Rich Lister Eamon Cleary dies
Irish-born Kiwi multi-millionaire Eamon Cleary died at his Kentucky horse stud last weekend.
Mr Cleary featured in the NBR Rich List with an estimated fortune of $1.2 billion invested around the world.
However, Irish friends always maintained estimates of his global wealth were too low, particularly for his investments in South America, and he was worth well over $2 billion.
According to overseas reports he'd had cancer in recent months.
Honorary Consul General of Ireland, Rodney Walshe, convinced Mr Cleary to bankroll a chair in Irish studies at University of Otago.
Mr Walshe describes Mr Cleary as "a typical Irishman".
"He was very wealthy but to talk to him and to travel with him you'd have no idea of his wealth.
"He was very driven and he was very pleased to work with the University of Otago to set up that chair, which was a first."
Queenstown was a particular focus for Mr Cleary, who owned commercial properties, farms and high country stations there.
He sold 22,000ha Coronet Peak Station to Robert Lange, the former husband of singer Shania Twain, who earlier acquired another nearby high country station.
At the time of his death he still owned several residential properties at Lake Hayes, near Queenstown, mostly grouped in a new subdivision around Sicilian and Kavanagh Lanes.
Left school at 11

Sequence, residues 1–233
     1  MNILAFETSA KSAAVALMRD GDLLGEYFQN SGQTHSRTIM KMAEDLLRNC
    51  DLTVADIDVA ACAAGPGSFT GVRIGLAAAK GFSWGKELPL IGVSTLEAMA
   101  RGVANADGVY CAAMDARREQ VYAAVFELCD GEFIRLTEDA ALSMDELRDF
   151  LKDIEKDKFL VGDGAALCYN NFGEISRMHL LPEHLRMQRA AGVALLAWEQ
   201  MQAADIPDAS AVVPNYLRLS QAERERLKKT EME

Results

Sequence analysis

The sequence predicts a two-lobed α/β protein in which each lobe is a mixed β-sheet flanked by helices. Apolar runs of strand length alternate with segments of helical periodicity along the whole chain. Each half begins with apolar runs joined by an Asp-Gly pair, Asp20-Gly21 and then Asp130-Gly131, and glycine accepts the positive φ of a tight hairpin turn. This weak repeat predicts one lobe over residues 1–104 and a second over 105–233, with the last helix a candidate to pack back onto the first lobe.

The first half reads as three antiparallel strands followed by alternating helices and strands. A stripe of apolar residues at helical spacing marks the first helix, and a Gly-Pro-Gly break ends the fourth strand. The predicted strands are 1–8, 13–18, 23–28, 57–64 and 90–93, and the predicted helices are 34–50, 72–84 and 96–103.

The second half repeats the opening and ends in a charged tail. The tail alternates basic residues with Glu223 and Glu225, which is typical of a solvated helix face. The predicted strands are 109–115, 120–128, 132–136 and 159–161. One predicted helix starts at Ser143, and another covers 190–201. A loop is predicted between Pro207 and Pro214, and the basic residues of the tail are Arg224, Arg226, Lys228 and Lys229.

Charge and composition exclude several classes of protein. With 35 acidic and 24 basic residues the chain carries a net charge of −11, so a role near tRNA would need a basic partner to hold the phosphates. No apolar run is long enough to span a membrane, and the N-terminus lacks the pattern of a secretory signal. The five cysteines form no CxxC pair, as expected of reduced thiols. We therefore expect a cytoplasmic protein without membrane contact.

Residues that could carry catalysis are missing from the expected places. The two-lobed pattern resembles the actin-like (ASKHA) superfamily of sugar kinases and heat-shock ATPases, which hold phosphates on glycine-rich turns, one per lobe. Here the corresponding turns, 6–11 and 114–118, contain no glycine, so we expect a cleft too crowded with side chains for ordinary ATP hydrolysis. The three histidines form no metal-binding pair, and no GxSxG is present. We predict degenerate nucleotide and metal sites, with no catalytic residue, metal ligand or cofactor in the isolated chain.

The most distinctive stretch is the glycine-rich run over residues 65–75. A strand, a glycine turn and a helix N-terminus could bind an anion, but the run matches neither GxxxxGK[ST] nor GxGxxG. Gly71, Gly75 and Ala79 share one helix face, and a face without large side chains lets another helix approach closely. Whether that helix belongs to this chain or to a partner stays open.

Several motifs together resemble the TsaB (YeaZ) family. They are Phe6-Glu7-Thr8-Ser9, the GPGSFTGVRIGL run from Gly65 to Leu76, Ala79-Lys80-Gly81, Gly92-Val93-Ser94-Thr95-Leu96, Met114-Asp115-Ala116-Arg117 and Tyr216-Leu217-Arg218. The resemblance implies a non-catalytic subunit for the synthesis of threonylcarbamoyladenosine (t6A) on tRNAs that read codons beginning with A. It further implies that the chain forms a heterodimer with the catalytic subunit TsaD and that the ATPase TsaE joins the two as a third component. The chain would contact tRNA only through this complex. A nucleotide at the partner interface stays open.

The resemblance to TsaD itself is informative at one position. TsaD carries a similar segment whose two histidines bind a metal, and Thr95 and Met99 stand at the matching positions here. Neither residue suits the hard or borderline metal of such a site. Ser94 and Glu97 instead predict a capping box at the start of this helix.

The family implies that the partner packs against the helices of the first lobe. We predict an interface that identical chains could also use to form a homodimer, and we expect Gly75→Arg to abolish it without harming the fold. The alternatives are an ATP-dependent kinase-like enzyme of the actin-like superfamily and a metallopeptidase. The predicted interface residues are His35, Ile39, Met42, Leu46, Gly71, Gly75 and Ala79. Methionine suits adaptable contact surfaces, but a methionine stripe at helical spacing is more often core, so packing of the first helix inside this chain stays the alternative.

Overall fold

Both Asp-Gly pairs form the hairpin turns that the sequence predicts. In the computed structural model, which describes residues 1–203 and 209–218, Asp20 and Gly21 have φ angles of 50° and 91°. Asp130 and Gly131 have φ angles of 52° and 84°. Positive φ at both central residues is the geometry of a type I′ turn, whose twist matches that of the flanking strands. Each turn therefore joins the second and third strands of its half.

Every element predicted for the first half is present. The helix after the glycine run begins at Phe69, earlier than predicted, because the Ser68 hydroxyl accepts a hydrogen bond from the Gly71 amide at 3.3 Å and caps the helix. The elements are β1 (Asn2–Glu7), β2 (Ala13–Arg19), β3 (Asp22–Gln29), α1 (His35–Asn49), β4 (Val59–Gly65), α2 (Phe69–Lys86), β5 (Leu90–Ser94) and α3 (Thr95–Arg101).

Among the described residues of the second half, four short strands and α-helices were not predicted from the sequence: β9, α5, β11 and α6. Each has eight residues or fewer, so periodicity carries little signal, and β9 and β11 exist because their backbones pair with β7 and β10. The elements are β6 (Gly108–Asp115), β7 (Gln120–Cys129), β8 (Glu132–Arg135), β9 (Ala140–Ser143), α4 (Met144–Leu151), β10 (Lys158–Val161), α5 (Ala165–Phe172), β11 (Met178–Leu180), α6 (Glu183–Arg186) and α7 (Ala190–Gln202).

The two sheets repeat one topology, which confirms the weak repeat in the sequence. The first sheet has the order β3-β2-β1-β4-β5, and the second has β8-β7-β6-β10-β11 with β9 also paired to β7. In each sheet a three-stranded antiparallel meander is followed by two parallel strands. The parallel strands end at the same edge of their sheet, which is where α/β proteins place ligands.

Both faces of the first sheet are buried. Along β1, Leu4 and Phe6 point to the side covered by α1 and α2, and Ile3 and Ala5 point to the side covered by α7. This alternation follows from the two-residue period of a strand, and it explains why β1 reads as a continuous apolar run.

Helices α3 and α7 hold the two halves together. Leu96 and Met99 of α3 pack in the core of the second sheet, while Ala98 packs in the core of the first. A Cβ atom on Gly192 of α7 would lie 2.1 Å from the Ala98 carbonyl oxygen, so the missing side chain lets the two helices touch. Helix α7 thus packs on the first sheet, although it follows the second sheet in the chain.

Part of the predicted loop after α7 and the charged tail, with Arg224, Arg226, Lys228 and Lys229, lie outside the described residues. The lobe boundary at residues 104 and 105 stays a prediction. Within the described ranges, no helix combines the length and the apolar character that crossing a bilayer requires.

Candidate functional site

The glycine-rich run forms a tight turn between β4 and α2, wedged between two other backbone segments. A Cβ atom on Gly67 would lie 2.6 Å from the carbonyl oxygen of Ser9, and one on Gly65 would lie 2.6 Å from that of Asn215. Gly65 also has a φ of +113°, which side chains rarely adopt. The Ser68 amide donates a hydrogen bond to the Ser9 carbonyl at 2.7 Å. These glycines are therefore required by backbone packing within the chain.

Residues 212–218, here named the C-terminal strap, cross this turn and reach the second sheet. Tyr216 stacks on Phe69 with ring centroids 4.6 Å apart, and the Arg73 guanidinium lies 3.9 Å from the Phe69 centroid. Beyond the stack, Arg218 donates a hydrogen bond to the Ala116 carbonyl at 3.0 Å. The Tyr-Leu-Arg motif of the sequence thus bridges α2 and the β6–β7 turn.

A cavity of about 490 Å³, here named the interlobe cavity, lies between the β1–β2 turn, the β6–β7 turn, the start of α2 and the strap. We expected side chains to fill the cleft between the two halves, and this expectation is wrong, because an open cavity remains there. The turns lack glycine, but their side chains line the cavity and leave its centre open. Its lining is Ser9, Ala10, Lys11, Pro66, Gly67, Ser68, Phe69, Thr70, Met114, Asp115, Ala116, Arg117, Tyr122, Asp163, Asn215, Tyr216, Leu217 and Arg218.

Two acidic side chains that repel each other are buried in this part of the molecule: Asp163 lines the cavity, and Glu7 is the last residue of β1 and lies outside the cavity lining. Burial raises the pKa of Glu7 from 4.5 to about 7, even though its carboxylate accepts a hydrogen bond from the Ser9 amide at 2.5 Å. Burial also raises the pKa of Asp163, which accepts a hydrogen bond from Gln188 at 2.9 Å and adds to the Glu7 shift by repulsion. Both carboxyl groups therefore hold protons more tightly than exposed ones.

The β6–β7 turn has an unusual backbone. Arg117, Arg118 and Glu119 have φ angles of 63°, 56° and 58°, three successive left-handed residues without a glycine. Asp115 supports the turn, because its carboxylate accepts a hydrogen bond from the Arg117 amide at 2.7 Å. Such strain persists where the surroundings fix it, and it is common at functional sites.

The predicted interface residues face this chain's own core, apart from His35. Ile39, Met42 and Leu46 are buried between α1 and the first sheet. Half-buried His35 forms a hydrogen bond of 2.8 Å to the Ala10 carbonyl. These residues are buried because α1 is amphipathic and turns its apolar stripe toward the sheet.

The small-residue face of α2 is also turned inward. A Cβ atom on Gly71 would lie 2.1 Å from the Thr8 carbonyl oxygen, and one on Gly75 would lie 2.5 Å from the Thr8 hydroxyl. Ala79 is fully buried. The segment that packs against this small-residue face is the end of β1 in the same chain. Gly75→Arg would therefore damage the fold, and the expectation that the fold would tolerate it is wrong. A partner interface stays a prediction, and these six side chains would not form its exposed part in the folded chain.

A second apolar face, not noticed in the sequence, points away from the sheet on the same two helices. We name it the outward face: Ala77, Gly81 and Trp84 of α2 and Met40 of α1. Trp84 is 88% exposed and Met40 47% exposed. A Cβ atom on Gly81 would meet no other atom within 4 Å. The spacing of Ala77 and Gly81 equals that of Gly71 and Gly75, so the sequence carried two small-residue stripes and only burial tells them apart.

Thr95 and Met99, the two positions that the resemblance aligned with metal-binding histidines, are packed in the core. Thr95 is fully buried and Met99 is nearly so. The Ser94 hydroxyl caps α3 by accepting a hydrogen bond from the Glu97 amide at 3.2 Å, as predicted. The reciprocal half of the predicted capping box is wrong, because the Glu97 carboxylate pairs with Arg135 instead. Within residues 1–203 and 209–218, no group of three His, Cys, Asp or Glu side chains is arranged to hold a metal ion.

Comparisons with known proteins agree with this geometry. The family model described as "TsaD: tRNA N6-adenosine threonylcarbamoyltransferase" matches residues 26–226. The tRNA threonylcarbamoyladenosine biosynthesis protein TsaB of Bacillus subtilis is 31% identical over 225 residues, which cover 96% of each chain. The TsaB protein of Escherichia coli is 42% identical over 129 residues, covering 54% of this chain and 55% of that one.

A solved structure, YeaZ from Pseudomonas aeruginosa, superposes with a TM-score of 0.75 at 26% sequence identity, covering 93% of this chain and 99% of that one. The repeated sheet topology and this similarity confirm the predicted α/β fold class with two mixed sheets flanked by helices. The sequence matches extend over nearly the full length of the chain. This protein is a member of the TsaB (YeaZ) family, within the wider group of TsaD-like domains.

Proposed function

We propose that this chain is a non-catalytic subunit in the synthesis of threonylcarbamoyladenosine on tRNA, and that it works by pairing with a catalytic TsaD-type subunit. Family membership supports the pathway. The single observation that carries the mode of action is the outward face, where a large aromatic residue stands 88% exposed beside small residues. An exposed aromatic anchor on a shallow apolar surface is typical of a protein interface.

Mr Cleary was born in County Monaghan - near the town of Ballybay - in 1960 and left school at 11 to work on his father's small farm.
According to the University of Otago website, he was apprenticed to a block layer at 15 and started his own building business two years later.
At 20, he started a pre-cast concrete and reinforcing steel company, while continuing with his building business.
He married at 24.
Mr Cleary went on to develop one of the largest agricultural supply businesses in Ireland, which he sold in 1991.
By 1996, he had moved to New Zealand and established a business career, with substantial investments in agricultural land and commercial property in both the North and South Islands.
He had extensive business and property interests in Australia, Eastern Europe, Ireland and New Zealand, and developed agricultural and telecommunications businesses in Argentina and Chile.
He was the proud owner of Rand, a thoroughbred that represented NZ in the Nakayama Grand Jump (Japan’s Grand National).